"The ocean looks blue because red, orange and yellow (long wavelength light) are absorbed more strongly by water than is blue (short wavelength light). So when white light from the sun enters the ocean, it is mostly the blue that gets returned. Same reason the sky is blue."
In other words, the color of the ocean and the color of the sky are related but occur independently of each other: in both cases, the preferential absorption of long-wavelength (reddish) light gives rise to the blue. Note that this effect only works if the water is very pure; if the water is full of mud, algae or other impurities, the light scattered off these impurities will overwhelm the water's natural blueness.
Gross then asks, "So why are sunsets orange?" Several people to wrote in to correct or clarify that comment.
Perhaps the most helpful response came from Michael Kruger of the department of physics at the University of Missouri. He sent the following reaction:
"The answer to why the sky is blue isn't quite correct. The sky is blue not because the atmosphere absorbs the other colors, but because the atmosphere tends to scatter shorter wavelength (blue) light to a greater extent than longer wavelength (red) light. Blue light from the sun is scattered every which way, much more so than the other colors, so when you look up at the daytime sky you see blue no matter where you look. This scattering is called 'Rayleigh scattering'; the amount of scattering goes as the frequency of the light to the 4th power. By the way, this effect is most prevalent when the particles that do the scattering are smaller than the wavelength of light, as is the case for the nitrogen and oxygen molecules in the atmosphere.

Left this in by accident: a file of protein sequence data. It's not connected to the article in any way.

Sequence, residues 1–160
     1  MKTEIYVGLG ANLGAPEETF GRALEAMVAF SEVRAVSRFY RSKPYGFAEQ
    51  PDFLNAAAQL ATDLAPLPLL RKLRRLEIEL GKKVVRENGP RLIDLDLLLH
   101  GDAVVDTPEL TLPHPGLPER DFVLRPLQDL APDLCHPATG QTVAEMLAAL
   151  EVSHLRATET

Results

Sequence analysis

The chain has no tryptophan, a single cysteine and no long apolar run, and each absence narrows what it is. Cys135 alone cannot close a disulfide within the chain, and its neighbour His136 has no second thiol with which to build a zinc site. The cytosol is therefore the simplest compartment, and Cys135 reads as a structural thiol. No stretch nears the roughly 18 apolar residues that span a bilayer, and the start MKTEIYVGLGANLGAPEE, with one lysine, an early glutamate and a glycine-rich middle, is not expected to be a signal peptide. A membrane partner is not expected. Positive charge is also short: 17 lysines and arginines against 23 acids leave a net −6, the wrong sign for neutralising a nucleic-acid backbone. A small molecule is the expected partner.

"Now we are in a position to figure out why sunsets are reddish! When the sun is setting, the light that reaches you has had to go through lots more atmosphere than when the sun is overhead, hence the only color light that is not scattered away is the long wavelength light, the red.
"We can also answer why clouds, milk, powdered sugar and salt are white. The particles in these materials that are responsible for scattering the light are larger than the wavelength of light. Consequently, all colors of light are scattered by more or less the same amount. Much of the scattering in milk is due to the lipids (fat). If you take out the fat, the milk will not scatter as much light; that is probably why skim milk looks the way it does.